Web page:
In Chinese philosophy, yang yin, which are often shortened to “yin-yang” or “yin yang”, are concepts used to describe how apparently opposite or contrary forces are actually complementary,[Note 1] interconnected and interdependent in the natural world, and how they give rise to each other as they interrelate to one another. Many tangible dualities (such as light and dark, fire and water, and male and female) are thought of as physical manifestations of the duality of yin and yang. This duality lies at the origins of many branches of classical Chinese science and philosophy, as well as being a primary guideline of traditional Chinese medicine, and a central principle of different forms of Chinese martial arts and exercise, such as baguazhang, taijiquan (t’ai chi), and qigong (Chi Kung), as well as in the pages of the I Ching.

Yin and yang can be thought of as complementary (rather than opposing) forces that interact to form a dynamic system in which the whole is greater than the assembled parts. Everything has both yin and yang aspects, (for instance shadow cannot exist without light). Either of the two major aspects may manifest more strongly in a particular object, depending on the criterion of the observation.

In Taoist metaphysics, distinctions between good and bad, along with other dichotomous moral judgments, are perceptual, not real; so, the duality of yin and yang is an indivisible whole. In the ethics of Confucianism on the other hand, most notably in the philosophy of Dong Zhongshu (c. 2nd century BC), a moral dimension is attached to the idea of yin and yang.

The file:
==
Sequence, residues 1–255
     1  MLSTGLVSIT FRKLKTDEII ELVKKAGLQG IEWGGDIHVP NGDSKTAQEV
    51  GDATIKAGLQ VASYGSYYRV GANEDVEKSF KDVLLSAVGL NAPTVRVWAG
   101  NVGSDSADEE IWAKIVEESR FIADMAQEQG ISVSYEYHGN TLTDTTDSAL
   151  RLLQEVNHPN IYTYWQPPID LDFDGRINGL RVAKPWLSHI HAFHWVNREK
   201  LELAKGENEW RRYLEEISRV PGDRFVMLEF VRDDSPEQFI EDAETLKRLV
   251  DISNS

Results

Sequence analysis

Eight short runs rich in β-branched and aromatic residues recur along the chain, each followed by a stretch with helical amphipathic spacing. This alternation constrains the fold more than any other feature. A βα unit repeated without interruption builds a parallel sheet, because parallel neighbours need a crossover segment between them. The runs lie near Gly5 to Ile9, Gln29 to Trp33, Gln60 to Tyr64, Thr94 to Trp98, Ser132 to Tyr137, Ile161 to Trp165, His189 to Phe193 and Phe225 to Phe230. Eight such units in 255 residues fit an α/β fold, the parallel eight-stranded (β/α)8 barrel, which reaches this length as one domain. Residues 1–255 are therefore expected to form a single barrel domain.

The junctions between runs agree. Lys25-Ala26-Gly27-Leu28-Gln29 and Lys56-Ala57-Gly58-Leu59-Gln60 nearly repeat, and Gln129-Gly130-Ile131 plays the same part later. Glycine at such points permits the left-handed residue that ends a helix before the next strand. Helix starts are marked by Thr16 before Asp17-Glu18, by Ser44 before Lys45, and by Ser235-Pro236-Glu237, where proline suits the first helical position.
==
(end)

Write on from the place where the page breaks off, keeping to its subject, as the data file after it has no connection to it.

The Traditional Chinese characters 陰 and 陽 for the words yin and yang are both classified as radical-phonetic characters, combining the semantically significant “mound; hill” radical 阝 or 阜 with the phonetic indicators yin 侌 and yang 昜. The first phonetic yin 侌 “cloudy” ideographically combines jin 今 “now; present” and yun 云 “cloud”, denoting the “今 presence of 云 clouds”. The second phonetic yang 昜 “bright” originally pictured 日 the “sun” with 勿 “rays coming down”. This phonetic is expanded with the “sun” radical into yang 暘 “rising sun; sunshine”. The “mound; hill” radical 阝full forms semantically specify yin 陰 “shady/dark side of a hill” and yang 陽 “sunny/light side of a hill”.

The Simplified Chinese characters 阴 and 阳 for yin and yang combine same the “hill” radical 阝 with the non-phonetic yue 月 “moon” and ri 日 “sun”, graphically denoting “shady side of a hill” and “sunny side of a hill”. Compare the Classical Chinese names (with tai 太 “great”) Taiyin 太陰 “moon” and Taiyang 太陽 “sun



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